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GM: Too Big to Fail?


Auto giant finds itself at crossroads.

Will General Motors (GM) back a truck up to Uncle Sam's discount window and load up on cash?

The answer may depend on the interpretation of "What's good for General Motors is good for the country."

In 1953, Charles E. Wilson, then head of GM and President-elect Eisenhower's nominee for secretary of defense, was misquoted as saying the company had a market value of about $20 billion. The misquote lives on: It underscores what was once an all-powerful company - one viewed by some as lacking an ounce of humility.

The market has chastened GM. The company's value has sunk below $3 billion; it may need a large injection of cold cash to stay alive. Banks and venerable Wall Street investment firms have already vanished, raising a basic question: is GM too big to fail?

There will be no immediate turnaround in the auto industry. US auto sales are down 13% from a year ago. J.D. Power and Associates cut its sales projections: It now expects new car sales in the US to total 13.6 million this year and 13.2 million in 2009. (A total of 16.1 million new vehicles were sold in 2007.)

In July, GM announced plans to cut costs by $10 billion and to raise $5 billion through asset sales and borrowing through 2009. At the end of June, the company had $21 billion in cash and $5 billion available in credit. But GM has been spending about $1 billion a month; analysts say the company needs an estimated $11 to $14 billion to keep the lights on.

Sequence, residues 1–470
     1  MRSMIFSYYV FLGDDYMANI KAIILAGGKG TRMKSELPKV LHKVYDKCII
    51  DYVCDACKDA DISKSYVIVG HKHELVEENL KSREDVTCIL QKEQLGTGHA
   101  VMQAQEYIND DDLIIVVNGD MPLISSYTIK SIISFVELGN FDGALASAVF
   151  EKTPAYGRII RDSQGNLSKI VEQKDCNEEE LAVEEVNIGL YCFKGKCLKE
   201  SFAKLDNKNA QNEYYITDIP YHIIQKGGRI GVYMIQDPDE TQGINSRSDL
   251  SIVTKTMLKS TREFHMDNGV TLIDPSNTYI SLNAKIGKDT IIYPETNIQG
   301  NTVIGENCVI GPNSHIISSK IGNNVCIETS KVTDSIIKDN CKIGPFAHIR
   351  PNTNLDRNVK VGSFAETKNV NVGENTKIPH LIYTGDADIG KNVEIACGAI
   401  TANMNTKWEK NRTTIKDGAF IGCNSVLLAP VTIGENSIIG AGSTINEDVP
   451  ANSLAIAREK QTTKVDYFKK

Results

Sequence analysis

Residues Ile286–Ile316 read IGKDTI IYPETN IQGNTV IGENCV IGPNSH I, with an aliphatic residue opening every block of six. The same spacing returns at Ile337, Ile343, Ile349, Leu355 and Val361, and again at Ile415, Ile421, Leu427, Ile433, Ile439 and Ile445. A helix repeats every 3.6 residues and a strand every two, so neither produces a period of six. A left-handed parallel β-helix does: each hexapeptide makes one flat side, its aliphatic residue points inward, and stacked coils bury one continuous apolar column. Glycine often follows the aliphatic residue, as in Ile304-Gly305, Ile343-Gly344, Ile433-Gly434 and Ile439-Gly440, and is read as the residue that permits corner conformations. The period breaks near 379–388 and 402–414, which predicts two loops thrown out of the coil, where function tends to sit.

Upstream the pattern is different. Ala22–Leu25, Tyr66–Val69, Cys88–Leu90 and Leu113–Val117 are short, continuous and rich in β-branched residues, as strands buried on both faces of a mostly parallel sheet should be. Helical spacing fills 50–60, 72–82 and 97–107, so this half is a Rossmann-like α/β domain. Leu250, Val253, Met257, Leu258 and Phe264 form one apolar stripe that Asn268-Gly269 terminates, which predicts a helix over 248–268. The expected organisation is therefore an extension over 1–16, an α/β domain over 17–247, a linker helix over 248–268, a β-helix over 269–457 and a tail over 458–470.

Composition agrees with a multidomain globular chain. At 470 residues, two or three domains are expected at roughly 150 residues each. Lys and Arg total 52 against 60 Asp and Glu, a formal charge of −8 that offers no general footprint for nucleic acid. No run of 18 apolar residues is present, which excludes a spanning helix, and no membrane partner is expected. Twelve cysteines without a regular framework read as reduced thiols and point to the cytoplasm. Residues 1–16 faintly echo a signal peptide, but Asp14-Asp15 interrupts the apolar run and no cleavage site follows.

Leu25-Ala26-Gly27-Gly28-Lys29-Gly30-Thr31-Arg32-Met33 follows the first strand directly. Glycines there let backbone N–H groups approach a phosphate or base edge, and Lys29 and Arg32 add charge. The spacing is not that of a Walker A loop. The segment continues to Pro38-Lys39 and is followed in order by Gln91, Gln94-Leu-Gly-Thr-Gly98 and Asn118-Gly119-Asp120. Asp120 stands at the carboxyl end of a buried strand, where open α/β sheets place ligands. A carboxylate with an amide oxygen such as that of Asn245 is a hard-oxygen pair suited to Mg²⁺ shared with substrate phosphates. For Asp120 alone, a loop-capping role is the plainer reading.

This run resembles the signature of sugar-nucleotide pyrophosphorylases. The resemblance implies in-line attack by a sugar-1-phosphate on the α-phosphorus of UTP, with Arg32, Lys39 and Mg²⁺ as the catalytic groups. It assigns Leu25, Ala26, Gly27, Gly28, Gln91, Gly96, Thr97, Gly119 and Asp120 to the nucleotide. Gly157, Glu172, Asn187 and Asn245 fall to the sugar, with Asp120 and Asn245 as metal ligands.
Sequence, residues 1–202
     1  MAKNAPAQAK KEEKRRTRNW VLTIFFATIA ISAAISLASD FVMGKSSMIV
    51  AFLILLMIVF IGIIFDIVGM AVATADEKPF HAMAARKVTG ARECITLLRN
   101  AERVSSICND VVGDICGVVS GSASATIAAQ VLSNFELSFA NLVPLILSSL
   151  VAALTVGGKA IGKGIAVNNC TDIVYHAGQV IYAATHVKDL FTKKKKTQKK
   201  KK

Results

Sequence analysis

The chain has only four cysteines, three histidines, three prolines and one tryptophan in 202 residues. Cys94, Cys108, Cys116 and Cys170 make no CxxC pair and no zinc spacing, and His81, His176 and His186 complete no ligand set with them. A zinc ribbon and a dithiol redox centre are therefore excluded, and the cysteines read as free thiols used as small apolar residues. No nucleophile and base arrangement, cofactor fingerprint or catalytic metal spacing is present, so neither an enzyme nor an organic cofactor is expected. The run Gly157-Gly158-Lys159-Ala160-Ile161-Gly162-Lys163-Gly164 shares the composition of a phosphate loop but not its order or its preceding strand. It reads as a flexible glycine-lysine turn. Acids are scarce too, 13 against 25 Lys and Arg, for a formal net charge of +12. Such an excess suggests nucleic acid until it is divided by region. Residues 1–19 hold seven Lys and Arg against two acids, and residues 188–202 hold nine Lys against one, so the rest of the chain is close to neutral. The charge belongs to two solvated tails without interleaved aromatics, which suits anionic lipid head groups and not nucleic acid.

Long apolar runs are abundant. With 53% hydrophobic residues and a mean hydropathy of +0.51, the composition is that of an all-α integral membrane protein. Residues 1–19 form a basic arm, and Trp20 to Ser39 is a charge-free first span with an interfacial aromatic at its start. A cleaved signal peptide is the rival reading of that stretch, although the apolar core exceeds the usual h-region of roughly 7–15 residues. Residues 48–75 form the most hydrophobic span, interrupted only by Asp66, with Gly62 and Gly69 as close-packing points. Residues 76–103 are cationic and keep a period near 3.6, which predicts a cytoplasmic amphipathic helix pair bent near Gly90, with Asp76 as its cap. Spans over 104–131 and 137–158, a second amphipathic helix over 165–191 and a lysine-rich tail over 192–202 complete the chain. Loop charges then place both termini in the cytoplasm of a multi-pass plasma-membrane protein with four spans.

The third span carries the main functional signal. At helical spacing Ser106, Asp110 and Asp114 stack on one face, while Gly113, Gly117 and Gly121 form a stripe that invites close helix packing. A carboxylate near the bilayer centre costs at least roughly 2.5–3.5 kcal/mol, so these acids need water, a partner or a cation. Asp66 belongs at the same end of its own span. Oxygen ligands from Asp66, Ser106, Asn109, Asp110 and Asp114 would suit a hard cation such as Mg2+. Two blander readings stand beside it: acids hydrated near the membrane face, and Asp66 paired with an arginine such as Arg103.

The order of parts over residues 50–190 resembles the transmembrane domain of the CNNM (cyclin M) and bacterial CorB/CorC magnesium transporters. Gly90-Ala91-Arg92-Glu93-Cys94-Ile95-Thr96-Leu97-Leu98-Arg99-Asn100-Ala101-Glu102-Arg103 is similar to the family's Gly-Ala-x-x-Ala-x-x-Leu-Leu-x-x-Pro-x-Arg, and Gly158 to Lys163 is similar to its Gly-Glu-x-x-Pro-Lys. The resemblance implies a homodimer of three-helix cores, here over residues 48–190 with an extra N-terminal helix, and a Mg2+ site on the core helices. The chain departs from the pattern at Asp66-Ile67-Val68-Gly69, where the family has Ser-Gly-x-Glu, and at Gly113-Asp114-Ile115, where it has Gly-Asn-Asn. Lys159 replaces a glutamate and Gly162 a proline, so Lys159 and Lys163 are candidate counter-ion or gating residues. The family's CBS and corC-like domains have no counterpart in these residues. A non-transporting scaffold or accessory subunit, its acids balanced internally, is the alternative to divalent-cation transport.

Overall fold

The basic question may be: How soon can US automakers get federal money, and will it be enough to save the industry?

GM, Ford (F) and Chrysler are eligible to share $25 billion in low-cost federal loans to retool assembly lines for more fuel-efficient vehicles. The deal was approved in September, but it may take months to draft rules for passing out the money - even as Detroit lobbies Congress to make more money available more quickly.

Barron's says GM could seek a direct loan from the Federal Reserve. Both the Fed and the Treasury Department declined to comment on the report. But it's not difficult to imagine GM -- and the entire auto industry -- wailing in unison: "What about me?"

Tapping Uncle Sam as the "lender of last resort" would allow GM to borrow at 1.75% along with banks that have turned to the Fed's discount window for as much as $420 billion per day during the credit crunch. With the $25 billion package, GM could borrow at market rates of about 4.5%.
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No positions in stocks mentioned.
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